Named with a delightful sense of innocence, or directness, is this Cork address, Doctors Road — and, no, it’s not the hinterlands of Orchard Road by the Bon Secours, the Hayfield or Heatherfield developments or even Bishopstown’s Highfield. All of those prescriptive ‘good’ Cork addresses have a preponderance of medics in situ, buying and selling.
They are the sort of places where, if you carelessly threw a stone, there’s a good chance whoever you hit with it could sew themselves up, back to rights. However, lest you get too careless, those salubrious ‘suburbanised’ addresses have a few lawyers lurking within them too...
This Doctors Road is, however, set out at Glanmire, on an elevated setting by Sarsfields Court, below the sprawling 117-acre campus of the 1950s-built St Stephen’s Hospital, overlooking Glanmire village and the wooded Glashaboy River.
That vista and aspect is almost fully south-facing, and the airiness of the setting means plentiful lung-fulls of fresh air, and good light: little wonder that the site was chosen back in the 1950s for development of a sanatorium, to tackle the mid-1900s scourge of TB.
St Stephen’s Hospital, and indeed its doctors, must have served their purpose, as TB was gotten to grips with, and the dozen or so disparate medical blocks at Sarsfields Court have gone on to fill other medical-related purposes since, in a deliberately low-key manner.
So, it’s possibly only because of the arrival of this pleasantly aesthetic home, called Ashmount, on the March 19 property market, that has brought a bit more traffic than usual up the hill to leafy Doctors’ Road.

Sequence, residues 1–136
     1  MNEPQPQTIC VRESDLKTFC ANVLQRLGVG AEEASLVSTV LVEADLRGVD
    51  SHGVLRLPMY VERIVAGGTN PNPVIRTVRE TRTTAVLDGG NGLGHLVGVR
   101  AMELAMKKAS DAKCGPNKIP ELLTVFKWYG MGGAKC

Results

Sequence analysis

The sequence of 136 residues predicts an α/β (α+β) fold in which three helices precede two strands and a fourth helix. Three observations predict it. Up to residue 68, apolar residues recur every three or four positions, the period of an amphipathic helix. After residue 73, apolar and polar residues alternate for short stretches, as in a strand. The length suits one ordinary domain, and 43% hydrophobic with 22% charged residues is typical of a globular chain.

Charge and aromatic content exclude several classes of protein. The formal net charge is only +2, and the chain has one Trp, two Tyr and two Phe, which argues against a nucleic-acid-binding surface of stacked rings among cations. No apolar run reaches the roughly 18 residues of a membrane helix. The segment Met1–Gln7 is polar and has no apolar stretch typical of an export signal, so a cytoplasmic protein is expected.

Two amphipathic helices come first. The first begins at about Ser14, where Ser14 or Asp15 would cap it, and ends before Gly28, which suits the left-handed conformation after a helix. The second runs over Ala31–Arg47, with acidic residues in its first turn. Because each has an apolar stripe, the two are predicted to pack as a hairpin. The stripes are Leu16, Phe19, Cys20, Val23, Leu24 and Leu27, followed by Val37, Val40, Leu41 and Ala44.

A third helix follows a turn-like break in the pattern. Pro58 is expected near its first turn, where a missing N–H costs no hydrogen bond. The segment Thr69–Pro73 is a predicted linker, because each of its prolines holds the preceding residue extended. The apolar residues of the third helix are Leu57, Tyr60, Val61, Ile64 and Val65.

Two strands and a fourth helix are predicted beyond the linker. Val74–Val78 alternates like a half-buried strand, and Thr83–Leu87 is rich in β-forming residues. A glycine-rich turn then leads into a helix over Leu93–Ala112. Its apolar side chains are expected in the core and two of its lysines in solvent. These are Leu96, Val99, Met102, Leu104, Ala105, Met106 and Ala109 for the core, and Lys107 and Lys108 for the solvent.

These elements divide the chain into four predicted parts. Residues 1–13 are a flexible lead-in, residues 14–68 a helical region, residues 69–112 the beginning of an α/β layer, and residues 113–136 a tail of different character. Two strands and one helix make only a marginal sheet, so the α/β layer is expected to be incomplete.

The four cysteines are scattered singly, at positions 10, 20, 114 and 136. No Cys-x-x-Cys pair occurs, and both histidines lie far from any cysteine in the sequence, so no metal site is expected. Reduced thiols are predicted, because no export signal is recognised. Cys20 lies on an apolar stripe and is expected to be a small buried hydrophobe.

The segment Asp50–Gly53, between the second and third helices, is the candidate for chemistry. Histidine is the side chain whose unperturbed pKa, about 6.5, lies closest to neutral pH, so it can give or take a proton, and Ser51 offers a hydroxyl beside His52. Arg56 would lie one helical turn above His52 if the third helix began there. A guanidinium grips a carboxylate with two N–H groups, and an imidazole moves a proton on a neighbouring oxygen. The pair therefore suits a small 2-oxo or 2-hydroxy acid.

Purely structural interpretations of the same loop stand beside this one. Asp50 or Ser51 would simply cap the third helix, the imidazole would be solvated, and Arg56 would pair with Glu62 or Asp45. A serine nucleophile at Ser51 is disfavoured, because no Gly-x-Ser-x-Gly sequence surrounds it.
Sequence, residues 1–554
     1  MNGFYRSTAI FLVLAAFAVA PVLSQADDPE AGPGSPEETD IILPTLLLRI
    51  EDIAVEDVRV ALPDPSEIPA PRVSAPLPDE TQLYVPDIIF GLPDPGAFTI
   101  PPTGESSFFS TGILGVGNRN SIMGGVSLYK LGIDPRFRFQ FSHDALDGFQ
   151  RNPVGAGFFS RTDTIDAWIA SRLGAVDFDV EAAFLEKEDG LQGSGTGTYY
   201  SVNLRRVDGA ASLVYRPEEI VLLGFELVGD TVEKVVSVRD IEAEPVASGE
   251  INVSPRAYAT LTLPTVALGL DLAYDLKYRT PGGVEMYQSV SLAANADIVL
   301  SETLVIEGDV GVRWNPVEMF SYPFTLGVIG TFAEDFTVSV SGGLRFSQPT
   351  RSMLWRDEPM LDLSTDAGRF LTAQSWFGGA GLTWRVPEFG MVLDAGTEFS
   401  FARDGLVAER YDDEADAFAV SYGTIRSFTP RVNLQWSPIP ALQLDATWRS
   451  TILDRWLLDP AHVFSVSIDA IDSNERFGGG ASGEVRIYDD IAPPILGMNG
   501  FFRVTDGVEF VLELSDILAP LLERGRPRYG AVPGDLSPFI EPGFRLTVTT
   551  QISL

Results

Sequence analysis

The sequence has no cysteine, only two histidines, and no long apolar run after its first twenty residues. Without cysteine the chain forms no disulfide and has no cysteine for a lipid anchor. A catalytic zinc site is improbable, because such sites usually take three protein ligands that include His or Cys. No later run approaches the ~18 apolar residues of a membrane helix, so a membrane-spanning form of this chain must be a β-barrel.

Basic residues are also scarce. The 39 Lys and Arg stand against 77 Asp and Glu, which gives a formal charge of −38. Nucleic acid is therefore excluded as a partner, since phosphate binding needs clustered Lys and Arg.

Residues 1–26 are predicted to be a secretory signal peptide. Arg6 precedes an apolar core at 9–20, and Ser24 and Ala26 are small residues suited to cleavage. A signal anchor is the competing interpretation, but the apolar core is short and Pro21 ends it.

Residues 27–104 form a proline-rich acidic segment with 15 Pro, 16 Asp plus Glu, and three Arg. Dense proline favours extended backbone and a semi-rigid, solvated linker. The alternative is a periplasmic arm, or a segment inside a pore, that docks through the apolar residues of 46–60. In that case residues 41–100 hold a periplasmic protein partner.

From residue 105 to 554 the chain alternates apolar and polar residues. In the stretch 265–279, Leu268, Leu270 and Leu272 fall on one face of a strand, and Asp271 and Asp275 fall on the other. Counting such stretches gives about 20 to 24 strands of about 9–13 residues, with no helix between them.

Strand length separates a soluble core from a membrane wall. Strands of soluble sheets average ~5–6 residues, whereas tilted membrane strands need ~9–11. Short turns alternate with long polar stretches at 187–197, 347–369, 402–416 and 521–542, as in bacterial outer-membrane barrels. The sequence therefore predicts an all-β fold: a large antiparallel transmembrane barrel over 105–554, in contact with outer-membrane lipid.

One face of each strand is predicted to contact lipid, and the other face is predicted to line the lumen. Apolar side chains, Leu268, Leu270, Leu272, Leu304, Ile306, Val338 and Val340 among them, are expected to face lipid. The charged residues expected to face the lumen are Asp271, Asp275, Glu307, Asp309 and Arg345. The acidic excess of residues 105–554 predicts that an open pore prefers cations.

Built around 1989, and since very smartly extended for a largely open-plan suite of ground-floor rooms (kitchen/living/dining) up to capture sun and views, Ashmount is listed with impressed estate agent Jean Shanahan of DNG Condon, who guides the deceptive, c 2,360 sq ft home at €575,000.
It’s been home to a family and now retired couple who are trading down from this three-quarters acre site, and Ms Shanahan has had up to a dozen viewings already.
Unsurprisingly, it’s going down a treat, but has yet to get that elusive first bid, but that shouldn’t be long forthcoming.
One of the owners has retired from teaching, but also has a talent in art, and as a result the home is filled with paintings, sketches, ceramics, and sculpture. Some bold uses of colour, especially blues, help to give it real personality.
In fact, it’s nearly a house of two halves. When glimpsed from the outside, it looks like a relatively modest bungalow, and in fact, as Ms Shanahan observes, “many of the house built around here at that time originally were quite modestly-sized, especially in relation to those of later decades.”
It was extended to the front during its own later years, and is faced in timber cladding, looking almost like some US homestead, with a full-width add-on under a continuation of the dormer roof slope.
This new, front wall of glass has twin sets of patio doors, opening to an outdoor sit-out area, not quite stoop, which has been raised up to meet the internal floor levels, and then the landscaped gardens and grounds start to slope down and away, to include a feature pond and a tiered rockery.
There’s up to five bedrooms in all, with two at ground level plus a bathroom, so if new occupants don’t need all five, they’ll easily find study/studio/home office etc. uses for one or two.
The main, open-plan living area and kitchen have beech flooring, as does the hall with double-height stairwell, and up above there’s landing-set den/office by the master bedroom, both with dark, midnight-sky blue wall finishes and panelling. The main bedroom is en suite, with walk-in robes, and this upper/dormer also has two further bedrooms, plus a main bathroom with a shower over bath.
Externally, there’s a large 36’x16’ Steel Tech shed at the garden’s lower boundary, and up above by the entrance is a detached 26’x19’ double garage, so for hobbyists, DIYers, boat owners, camper van owners, or vintage or sports car fans, there’s plenty of dry storage/workspace already to hand.